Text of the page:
The story of “Job” (in my opinion) tells us as believers in God Almighty no matter what this world throws at us we will come out ahead if we see it through till the end. No one man could endure what “Job” had to endure but with Jesus as our example we as Christians (believers) can endure what is thrown our way, and come out the other side stronger.

  17. laymond says:

    “Job” represented the good in mankind, not a single man. And yes Satan of this world hates anything to do with God, and he travels about the earth to-and-fro doing anything he can to turn man from God.

  18. Larry Cheek says:

    Laymond,
    I say again, if a man attempts to re-write God’s message because it appears to him to be unbelievable, you may have to replace almost all of God’s Word. As you study the communications and actions between God and mankind displayed in scripture if you don’t find a lot more places that are unbelievable, either you have not read much or have not understood the magnitude of the story. It really takes a lot of faith to believe the stories of the flood, the plagues, the crossing of the red sea by that many people, imagining the movement of the million plus Israelite’s traveling to Canaan, their clothes not deteriorating during the complete 40 years, and on and on. How can you believe any of these events and then balk at believing the story of Job? Is the story of Job such a greater event than any of these? As you contend that the story is like wife’s tales and fables, what man on earth at that time had the intelligence about the universe to discuss it in perfection as described in the text? With all the knowledge and abilities that mankind has today he has never proved one concept discussed there as fictitious. I would believe that you are not more capable to identify any of the text false than all mankind since it was written. I believe we all should pray for the strengthening of your faith.

  19. laymond says:

    “I would believe that you are not more capable to identify any of the text false than all mankind since it was written. I believe we all should pray for the strengthening of your faith.”
    (I don’t believe I said the story was false, just a parable)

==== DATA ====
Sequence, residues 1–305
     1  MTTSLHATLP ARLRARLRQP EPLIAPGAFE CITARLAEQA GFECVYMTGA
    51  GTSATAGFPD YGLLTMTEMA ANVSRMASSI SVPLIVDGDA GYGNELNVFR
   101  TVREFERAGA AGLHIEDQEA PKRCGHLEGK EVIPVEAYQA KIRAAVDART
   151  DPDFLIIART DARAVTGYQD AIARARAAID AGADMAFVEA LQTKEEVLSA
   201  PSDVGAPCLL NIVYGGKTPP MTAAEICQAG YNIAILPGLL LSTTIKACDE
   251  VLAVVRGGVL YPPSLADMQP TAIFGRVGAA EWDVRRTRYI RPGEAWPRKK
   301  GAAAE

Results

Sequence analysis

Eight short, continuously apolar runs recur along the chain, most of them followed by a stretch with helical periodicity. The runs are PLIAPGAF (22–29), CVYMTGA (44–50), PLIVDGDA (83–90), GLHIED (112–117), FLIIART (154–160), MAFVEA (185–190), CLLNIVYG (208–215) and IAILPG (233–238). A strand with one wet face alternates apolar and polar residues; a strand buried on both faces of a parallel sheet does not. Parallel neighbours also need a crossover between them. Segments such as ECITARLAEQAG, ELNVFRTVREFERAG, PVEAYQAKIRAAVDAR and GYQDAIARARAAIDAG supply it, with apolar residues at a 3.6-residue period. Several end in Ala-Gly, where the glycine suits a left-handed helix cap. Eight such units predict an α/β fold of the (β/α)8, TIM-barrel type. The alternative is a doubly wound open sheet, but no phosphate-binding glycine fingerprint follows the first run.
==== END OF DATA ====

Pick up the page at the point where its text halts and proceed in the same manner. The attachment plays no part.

Larry do you not believe God spoke in parables, if God spoke through Jesus and Jesus spoke in parables, who was speaking if not God.

    Larry what are you going to pray I have more faith in mankind, or a book written by man.

    Sorry Larry I don’t have extra faith. My faith (all of it) belongs to God and his son Jesus , and the message God sent by his son. Yes I know I am placing faith that the apostles who were with Jesus are telling a true story, If they are not truthful then it is as Paul said “we worship an unknown god”

  20. RJ, it is useful to remember that the language in Romans is Paul’s own rhetorical language, not that of any actual questioner. So it is pointless to try to attribute intent here.

    As to Job, if he were standing on God’s characterization of Job, he COULD prove his innocence. At least, that would be a rational assessment, the sort we tend to use all the time. From the toddler to the reformed theologian, “I didn’t do nothin’!” is, when truthfully stated, considered an airtight defense. We do it all the time. This is the presumption to which God refuses to respond. God, in both cases, does not deny either Job or the Roman believers standing to question Him on the basis of their own insincerity or bad motivation. He denies their standing to question Him on the basis of their not being God…

  21. Larry Cheek says:

    Laymond,
    Why would you contend that the message about Job was a parable then accept the other equally unimaginable stories in history as not parables? Enlighten us as to your sources of authority, maybe we will be able to agree with you.

  22. Larry Cheek says:

    Laymond,
    You did help me to place a test upon the message of Job.
    (Job 1:1 KJV) There was a man in the land of Uz, whose name was Job; and that man was perfect and upright, and one that feared God, and eschewed evil.
    You contend that it is a parable. Yet, the message not only identifies the man’s name but, also the land where he lived. If this had been a parable the identification of the man could and should have been in the third party. You know, there once was a man, remember the Lord’s parable.
    (Mat 25:14 KJV) For the kingdom of heaven is as a man travelling into a far country, who called his own servants, and delivered unto them his goods.
    The man was not named, and his residence was not identified.
    I just cannot see any evidence that your conclusion is correct.

  23. laymond says:

    Larry asked the question ” Why would you contend that the message about Job was a parable then accept the other equally unimaginable stories in history as not parables? ” I thought I had summed up the story of “Job, which means hated” by referring to the following vs.
    Mat 10:22 And ye shall be hated of all [men] for my name’s sake: but he that endureth to the end shall be saved.

    Jesus told the story of “Job/ the hated” in one sentence. (Job was hated by others because he loved God, and God loved him, but he endured the hate and was rewarded at the end.)

    There are other stories that are parables, and there are others that are only exaggerated, as story tellers were apt to do in those days. Do you really believe Samson killed exactly a thousand men, with that bone? (how long would that take, anyway?) How about the tally accredited to the fighting talents of David? ( started on the streets, by women after David returned from battle) exaggerations, and exaggerations are not the “truth the whole truth and nothing but the truth”.